About the talk:
This talk assesses the return, and even embrace in some political communities, of torture in the 21st century. It begins by confronting the striking polling results over the past few years which indicate torture's increased popularity in the United States. In particular, what accounts for the increased popularity of torture as time passes from the iconic terrorist attacks of 9/11?
Yet, the insecurity that underlines this increasing support is part of a broader set of transnational and global processes connected to technology, speed, and interdependence. Both the insecurity, and the move towards and embrace of torture can be understood via the same processes of images and imagination. Thus, the talk concludes with some suggestions about the ethical traditions and political strategies that may challenge popular perceptions of torture's efficacy and legitimacy?
About the speaker:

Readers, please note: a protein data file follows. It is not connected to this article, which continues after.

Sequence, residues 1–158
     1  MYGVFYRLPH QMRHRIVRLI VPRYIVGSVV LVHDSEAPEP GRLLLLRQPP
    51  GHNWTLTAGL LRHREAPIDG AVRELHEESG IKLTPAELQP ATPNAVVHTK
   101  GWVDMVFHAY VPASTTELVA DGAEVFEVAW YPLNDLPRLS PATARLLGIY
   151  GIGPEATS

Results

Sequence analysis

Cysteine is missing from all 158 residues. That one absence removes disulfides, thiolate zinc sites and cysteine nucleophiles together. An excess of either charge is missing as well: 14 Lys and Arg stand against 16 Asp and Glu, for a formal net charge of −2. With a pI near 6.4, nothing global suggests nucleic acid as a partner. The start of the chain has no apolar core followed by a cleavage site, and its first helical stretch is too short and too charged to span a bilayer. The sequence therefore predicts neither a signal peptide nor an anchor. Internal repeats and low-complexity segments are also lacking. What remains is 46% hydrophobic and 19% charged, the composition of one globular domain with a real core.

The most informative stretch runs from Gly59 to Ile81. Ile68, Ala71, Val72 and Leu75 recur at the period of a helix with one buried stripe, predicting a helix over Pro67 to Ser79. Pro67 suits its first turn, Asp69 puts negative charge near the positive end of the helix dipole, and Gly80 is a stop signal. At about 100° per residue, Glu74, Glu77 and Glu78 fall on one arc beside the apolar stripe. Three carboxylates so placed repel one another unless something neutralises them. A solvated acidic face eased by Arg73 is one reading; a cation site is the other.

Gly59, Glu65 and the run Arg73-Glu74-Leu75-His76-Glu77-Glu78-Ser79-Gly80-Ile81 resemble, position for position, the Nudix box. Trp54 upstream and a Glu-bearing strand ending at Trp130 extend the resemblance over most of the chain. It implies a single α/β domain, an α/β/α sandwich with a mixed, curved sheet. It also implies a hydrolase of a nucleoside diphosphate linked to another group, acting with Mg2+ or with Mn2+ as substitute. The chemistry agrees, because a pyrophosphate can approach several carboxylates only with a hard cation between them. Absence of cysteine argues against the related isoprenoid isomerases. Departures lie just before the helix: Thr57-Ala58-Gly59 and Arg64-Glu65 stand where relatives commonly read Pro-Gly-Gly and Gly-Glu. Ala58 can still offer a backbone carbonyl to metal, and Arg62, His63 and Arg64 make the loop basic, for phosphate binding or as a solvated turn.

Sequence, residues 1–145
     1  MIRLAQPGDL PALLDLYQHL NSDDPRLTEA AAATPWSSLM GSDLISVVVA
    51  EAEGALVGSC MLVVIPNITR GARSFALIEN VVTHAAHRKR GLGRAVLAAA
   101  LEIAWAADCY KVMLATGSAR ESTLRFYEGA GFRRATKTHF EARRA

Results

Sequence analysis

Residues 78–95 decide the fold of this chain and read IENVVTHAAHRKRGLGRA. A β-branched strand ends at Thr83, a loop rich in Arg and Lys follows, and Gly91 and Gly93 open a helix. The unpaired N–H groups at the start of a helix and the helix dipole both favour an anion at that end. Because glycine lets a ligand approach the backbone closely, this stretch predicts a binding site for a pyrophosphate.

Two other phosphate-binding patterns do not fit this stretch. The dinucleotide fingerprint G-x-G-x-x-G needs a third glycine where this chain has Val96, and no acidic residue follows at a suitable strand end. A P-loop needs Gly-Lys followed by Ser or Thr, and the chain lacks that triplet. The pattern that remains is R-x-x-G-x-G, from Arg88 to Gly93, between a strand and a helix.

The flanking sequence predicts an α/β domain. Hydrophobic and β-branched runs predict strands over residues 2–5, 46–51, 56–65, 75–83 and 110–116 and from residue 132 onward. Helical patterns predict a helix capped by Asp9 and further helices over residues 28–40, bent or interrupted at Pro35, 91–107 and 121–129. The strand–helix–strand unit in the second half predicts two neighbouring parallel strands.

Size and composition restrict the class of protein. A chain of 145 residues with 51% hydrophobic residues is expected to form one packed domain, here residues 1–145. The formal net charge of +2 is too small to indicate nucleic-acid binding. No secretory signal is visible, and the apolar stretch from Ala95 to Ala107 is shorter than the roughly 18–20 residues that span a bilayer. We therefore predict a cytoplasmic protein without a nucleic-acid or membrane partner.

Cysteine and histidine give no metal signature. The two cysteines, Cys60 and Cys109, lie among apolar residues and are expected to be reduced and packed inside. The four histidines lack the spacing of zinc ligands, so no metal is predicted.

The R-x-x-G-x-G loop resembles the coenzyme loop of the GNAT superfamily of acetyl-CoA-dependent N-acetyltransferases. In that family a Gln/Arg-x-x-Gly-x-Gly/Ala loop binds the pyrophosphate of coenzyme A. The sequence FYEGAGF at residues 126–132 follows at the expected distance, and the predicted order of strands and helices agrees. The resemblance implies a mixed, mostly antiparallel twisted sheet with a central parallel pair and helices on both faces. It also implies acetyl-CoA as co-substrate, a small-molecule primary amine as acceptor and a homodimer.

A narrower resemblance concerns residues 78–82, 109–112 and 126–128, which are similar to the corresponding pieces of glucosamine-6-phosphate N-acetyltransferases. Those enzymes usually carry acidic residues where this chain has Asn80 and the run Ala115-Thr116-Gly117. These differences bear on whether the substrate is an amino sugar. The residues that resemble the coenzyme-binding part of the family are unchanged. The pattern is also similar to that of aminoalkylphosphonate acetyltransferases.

Brent J. Steele is the Francis D. Wormuth Presidential Chair and professor of political science at the University of Utah. He previously worked at the University of Kansas, 2005-13. He is the author of three books, Alternative Accountabilities in Global Politics: The Scars of Violence (Routledge, 2013); Defacing Power: The Aesthetics of Insecurity in Global Politics (University of Michigan Press, 2010) and Ontological Security in International Relations (Routledge, 2008). He is currently working on a project investigating restraint in global politics. He is also the co-editor of three books, and has published articles in a number of international studies journals, most recently in International Relations, International Politics, the Journal of International Political Theory, and Critical Studies on Security.
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